An idea whose time has come
JAYWALKER - Art Borjal () - June 3, 2002 - 12:00am
Dr. David Murphy noted Ernesto Aboitiz’s list of specific points of progress in the Philippines in the last seven years is just the sort of good news that people need to be reminded of. His general comments about the power of a positive attitude are equally as valuable. We are also aware of long-term changes, like being able to feed ten people at a nice restaurant for twenty pesos fifty years ago. We tend to forget that most people then didn’t earn twenty pesos in a week.
* * *
The article started me thinking about what should happen next to continue and expedite the progress. The same idea keeps coming up: the Philippines needs a national railroad system analogous to the interstate highway system in the U.S. I know that this is not a new idea. But I think that now is the time to implement it.
* * *
Why railroads instead of highways? To take the negative first, highways are expensive to build and maintain and they are energy-inefficient to use. Even with the extensive interstate highway system in the US, railroads are still cheaper for hauling freight. How much more so is this true in the Philippines? Highways are dangerous. The mixing of huge trucks and small cars on the same highways is inherently dangerous, and especially so under the conditions which prevail in the Philippines. Railroads are cheaper to build, less expensive to maintain, they are a faster and more efficient means of long distance travel and shipping and they are safer. The population density and the rugged terrain of the Philippines make a railroad an ideal mode of transportation of people and goods.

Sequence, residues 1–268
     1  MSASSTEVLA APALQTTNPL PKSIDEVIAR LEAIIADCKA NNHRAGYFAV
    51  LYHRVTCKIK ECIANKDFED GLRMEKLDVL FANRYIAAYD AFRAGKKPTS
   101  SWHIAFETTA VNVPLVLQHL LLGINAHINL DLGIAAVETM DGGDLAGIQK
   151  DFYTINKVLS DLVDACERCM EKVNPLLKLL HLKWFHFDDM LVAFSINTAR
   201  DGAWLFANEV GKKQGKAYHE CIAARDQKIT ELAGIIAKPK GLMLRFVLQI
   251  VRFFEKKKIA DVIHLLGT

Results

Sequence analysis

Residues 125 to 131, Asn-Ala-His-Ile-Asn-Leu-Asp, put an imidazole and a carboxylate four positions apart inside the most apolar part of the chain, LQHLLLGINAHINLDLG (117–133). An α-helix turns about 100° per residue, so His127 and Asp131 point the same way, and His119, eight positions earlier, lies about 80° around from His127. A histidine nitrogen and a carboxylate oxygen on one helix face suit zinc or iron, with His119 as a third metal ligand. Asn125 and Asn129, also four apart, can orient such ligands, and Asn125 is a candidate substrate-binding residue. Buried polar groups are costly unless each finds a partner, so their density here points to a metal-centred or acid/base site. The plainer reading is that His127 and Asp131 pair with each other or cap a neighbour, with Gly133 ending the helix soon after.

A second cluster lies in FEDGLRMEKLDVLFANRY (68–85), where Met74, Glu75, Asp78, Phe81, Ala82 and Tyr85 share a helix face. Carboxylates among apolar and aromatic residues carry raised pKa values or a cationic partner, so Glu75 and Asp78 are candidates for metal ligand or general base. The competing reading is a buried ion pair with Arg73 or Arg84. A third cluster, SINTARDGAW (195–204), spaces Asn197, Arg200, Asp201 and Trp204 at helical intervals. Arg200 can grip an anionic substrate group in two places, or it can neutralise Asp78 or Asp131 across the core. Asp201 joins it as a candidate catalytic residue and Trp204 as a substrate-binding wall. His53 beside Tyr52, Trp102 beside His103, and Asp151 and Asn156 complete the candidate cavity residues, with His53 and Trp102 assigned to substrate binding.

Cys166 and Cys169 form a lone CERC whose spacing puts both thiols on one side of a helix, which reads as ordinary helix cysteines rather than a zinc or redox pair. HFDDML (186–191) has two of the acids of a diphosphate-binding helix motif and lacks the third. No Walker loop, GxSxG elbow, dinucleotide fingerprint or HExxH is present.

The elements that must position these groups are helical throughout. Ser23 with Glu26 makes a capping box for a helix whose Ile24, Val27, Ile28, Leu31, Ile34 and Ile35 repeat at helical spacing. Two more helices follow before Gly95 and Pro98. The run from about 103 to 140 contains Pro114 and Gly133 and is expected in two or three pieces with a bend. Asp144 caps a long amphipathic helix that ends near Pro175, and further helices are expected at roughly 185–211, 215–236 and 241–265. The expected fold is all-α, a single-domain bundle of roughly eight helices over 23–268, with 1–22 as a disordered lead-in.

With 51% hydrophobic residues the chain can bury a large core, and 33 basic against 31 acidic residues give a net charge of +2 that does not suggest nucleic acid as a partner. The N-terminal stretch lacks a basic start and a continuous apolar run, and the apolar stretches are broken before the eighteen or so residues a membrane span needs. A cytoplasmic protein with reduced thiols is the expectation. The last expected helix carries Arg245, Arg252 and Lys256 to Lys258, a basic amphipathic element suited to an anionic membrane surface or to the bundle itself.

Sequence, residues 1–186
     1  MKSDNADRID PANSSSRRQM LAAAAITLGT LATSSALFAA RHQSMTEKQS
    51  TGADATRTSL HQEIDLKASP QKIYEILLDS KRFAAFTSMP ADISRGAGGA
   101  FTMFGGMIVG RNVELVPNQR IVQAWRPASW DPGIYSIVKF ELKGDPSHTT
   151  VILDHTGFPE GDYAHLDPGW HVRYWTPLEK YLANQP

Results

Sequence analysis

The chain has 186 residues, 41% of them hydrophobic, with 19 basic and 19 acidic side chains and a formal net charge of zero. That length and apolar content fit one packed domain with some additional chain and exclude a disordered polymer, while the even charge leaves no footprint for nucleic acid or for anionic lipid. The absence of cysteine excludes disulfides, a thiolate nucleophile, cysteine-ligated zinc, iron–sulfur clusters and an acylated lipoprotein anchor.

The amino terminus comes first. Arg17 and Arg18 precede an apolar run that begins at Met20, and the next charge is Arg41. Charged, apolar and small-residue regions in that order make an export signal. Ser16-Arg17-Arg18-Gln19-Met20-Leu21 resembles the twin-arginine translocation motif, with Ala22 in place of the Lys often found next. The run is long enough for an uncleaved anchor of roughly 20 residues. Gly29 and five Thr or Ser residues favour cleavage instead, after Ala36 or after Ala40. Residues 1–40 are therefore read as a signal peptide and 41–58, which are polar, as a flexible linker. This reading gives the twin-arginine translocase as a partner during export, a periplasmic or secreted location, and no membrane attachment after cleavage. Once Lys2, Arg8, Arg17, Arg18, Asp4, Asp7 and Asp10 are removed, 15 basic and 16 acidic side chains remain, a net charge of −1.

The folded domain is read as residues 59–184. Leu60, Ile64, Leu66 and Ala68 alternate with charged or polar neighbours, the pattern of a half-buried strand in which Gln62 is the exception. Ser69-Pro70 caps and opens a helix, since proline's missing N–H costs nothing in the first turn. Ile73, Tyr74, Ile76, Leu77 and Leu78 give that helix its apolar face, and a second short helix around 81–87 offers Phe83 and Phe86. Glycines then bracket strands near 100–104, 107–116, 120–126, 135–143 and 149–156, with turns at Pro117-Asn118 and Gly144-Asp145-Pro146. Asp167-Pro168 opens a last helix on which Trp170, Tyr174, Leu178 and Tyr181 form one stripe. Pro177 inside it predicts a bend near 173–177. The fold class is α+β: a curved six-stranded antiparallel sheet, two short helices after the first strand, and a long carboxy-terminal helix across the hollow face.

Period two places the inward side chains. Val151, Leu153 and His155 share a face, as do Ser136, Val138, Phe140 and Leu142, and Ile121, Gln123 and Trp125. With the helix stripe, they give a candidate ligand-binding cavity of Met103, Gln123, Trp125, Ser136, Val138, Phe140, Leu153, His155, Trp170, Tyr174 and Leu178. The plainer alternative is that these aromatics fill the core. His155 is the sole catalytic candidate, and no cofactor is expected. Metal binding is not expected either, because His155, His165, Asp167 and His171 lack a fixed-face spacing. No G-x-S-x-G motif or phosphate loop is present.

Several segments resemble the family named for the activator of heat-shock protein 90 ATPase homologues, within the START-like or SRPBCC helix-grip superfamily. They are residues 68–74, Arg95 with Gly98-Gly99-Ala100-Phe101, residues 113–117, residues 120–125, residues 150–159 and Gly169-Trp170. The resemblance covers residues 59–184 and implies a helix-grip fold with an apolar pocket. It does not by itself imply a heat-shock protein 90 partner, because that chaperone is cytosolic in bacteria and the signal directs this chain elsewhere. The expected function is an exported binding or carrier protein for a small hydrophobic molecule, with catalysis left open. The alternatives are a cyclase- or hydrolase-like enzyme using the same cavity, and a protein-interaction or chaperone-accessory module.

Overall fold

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With the imminent development of modern port facilities and considering the island geography of the Philippines, the development of a true national railway system is even more practical. Goods from central Mindanao or Nueva Ecija, for example, can be loaded into semi trailers (the cargo compartment of the eighteen-wheel tractor-trailers) which are loaded directly onto flat-bed rail cars and hauled to port where the whole trailer is loaded onto a ship to the destination.